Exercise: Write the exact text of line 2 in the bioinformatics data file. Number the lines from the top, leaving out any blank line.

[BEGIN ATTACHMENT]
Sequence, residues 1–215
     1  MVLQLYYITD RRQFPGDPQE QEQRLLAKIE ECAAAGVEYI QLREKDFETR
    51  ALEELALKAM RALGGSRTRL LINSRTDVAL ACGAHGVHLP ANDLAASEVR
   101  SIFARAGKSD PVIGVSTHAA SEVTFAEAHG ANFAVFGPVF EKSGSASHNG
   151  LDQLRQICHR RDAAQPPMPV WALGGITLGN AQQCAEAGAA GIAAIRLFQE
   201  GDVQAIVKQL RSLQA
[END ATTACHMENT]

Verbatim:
     1  MVLQLYYITD RRQFPGDPQE QEQRLLAKIE ECAAAGVEYI QLREKDFETR